Bryant Day rings in 2024 reading year with 5 titles announced for CLSC, CLSC Young Readers

Kaitlyn Finchler
Staff writer

Under sunny skies with waves crashing in from Chautauqua Lake, the Chautauqua Literary and Scientific Circle celebrated Bryant Day Saturday morning near the Miller Bell Tower, officially marking a new CLSC reading year.

To kick things off, CLSC Octagon Manager Stephine Hunt and CLSC Graduate Fellow Emma Ginader led Chautauquans and CLSC members and alumni alike gathered in front of the Bell Tower to sing, “From Age to Age They Gather,” to the tune of “Battle Hymn of the Republic.”

Hunt and Sony Ton-Aime, the Michael I. Rudell Director of Literary Arts, announced five selections for the coming year, for both CLSC Young Readers and the CLSC.

The first book announced was The Hitherto Secret Experiments of Marie Curie, by Bryan Thomas Schmidt and Henry Herz, for CLSC Young Readers.

“This (is a) fabulous collection of stories that inspire delight and ask the question, ‘What if (Curie) had used her talents for diabolic purposes?’ ” Ton-Aime said. “(The book) includes 20 short stories and poems by award-winning writers including New York Times bestselling authors Seanan McGuire, Scott Sigler, Jane Yolen, Alethea Kontis and Jonathan Maberry, among others.”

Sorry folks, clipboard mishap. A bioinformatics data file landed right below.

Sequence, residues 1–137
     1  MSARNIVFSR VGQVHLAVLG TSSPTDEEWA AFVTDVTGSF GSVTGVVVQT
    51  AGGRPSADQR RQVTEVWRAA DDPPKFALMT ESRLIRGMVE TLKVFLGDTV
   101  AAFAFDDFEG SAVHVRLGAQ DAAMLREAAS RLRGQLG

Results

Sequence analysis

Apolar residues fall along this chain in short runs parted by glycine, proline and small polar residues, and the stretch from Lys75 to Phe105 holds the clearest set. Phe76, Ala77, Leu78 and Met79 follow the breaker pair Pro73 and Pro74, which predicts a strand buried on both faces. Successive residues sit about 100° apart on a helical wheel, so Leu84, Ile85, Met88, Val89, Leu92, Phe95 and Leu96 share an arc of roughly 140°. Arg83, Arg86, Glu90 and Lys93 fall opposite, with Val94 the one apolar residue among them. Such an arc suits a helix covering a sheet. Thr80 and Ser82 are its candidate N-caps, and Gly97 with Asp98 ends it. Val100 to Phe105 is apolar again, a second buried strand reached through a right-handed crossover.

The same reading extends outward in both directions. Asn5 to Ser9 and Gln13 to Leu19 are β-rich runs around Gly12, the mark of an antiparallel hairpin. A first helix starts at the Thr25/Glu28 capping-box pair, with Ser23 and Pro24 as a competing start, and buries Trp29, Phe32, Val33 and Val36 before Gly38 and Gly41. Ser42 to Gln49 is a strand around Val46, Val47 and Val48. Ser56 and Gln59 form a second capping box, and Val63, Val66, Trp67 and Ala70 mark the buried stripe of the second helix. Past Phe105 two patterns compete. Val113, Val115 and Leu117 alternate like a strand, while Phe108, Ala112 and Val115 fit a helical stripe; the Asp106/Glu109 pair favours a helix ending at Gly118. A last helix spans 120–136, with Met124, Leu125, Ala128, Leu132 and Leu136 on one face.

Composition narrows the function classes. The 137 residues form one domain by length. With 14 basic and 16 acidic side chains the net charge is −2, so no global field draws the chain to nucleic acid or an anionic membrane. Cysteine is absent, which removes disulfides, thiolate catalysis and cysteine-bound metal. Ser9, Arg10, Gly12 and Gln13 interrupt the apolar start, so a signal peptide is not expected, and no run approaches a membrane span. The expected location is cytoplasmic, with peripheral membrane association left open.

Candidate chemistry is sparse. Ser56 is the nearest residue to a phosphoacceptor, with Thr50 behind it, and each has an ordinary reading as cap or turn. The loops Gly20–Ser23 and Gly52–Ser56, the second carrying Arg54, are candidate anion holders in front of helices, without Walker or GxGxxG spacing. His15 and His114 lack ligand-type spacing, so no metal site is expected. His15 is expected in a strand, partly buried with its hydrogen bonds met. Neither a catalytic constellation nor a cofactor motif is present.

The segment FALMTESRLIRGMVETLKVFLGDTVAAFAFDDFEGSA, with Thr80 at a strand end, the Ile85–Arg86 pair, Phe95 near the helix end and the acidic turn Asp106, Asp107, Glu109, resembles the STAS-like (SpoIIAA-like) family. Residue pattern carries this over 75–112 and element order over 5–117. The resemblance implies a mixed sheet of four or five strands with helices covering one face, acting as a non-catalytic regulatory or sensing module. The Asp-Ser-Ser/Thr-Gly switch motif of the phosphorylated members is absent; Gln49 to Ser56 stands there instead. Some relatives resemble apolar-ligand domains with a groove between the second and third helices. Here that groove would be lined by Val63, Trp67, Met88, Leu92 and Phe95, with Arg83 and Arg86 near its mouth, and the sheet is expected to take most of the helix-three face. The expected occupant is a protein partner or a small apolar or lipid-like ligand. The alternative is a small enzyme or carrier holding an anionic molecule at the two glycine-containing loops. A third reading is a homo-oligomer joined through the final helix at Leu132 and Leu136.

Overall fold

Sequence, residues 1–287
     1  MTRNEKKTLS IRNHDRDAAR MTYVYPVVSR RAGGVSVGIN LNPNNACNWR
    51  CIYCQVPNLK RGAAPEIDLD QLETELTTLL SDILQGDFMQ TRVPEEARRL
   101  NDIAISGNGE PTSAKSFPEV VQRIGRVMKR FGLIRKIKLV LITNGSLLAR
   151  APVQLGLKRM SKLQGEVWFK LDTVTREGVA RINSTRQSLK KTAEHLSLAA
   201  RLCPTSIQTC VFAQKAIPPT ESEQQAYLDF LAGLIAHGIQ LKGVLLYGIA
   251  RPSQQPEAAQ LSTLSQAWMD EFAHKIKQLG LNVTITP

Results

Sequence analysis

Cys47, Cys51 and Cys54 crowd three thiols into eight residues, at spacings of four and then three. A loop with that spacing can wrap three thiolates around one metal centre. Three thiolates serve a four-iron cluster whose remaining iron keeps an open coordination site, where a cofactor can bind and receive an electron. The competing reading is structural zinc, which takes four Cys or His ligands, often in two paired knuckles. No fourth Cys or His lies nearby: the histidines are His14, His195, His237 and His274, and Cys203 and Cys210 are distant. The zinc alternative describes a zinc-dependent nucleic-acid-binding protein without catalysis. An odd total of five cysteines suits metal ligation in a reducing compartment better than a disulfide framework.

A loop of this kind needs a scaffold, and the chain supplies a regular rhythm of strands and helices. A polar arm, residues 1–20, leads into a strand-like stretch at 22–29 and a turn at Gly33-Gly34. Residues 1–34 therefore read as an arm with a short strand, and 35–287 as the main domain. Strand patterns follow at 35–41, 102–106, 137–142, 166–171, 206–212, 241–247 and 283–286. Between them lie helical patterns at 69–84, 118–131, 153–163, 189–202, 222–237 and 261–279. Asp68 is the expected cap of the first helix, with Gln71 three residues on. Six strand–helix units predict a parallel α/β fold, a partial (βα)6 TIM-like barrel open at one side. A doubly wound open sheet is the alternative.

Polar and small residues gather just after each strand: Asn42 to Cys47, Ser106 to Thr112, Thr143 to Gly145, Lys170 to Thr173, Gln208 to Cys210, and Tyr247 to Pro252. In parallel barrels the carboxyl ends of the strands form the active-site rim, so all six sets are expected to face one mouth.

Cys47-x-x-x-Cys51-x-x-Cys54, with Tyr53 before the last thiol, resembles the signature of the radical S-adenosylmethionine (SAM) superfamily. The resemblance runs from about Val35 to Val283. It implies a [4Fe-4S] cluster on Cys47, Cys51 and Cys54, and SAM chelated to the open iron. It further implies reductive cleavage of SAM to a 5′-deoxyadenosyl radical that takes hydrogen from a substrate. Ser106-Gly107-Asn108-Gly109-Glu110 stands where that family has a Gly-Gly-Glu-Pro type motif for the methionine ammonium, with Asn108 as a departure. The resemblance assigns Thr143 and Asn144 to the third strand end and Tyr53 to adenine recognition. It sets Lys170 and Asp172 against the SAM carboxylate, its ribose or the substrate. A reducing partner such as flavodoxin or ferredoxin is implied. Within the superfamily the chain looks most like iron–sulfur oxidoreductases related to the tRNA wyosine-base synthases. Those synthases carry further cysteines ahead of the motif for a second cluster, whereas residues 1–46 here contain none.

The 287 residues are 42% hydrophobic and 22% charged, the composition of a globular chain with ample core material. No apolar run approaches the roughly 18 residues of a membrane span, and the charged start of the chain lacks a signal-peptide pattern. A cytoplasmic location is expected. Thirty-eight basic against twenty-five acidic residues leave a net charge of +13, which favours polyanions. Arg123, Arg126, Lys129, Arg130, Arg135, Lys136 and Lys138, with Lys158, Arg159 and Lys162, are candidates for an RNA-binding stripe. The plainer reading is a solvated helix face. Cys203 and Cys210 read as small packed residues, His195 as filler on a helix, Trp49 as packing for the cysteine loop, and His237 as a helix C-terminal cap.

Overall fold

Next, Apple: Skin to the Core, by Eric Gansworth, is a combined CLSC and CLSC Young Readers selection for Week Six next year, themed “Exploring the Transformative Power of Music with Renee Fleming.” Each book was wrapped in gift paper, which Hunt removed as Ton-Aime read descriptions.

“Eric Gansworth tells his story, the story of his family — of Onondaga among Tuscaroras — of Native folks everywhere,” Ton-Aime said, “from the horrible legacy of the government boarding schools, to a boy watching his siblings leave and return and leave again, to a young man fighting to be an artist who balances multiple worlds.”

Gansworth, Ton-Aime said, “shatters the slur” and reclaims it in verse, prose and imagery that truly lives up to the word “heartbreaking.”

Sony Ton-Aime, the Michael I. Rudell Director of Literary Arts, and CLSC Octagon Manager Stephine Hunt, announce Eric Gansworth’s Apple: Skin to the Core as a combined selection for the Chautauqua Literary and Scientific Circle and the CLSC Young Readers during the annual Bryant Day celebration Saturday near the Miller Bell Tower. Carrie Legg/Staff Photographer

The CLSC Young Readers announcements concluded, the next book unveiled was The Devil’s Element: Phosphorus and a World Out of Balance, by Dan Egan. It will be the CLSC selection for 2024’s Week Three: “What We Got Wrong: Learning from Our Mistakes.” Egan is a Pulitzer Prize finalist, and was a CLSC author in 2019 for his book The Death and Life of The Great Lakes.

“The story of phosphorus spans the globe and vast tracts of human history,” Ton-Aime said. “But it’s also the key component of the most vital: fertilizer. … Egan also explores the alarming reality that diminishing access to phosphorus poses a threat to the food system worldwide — which risks rising conflict and even war.”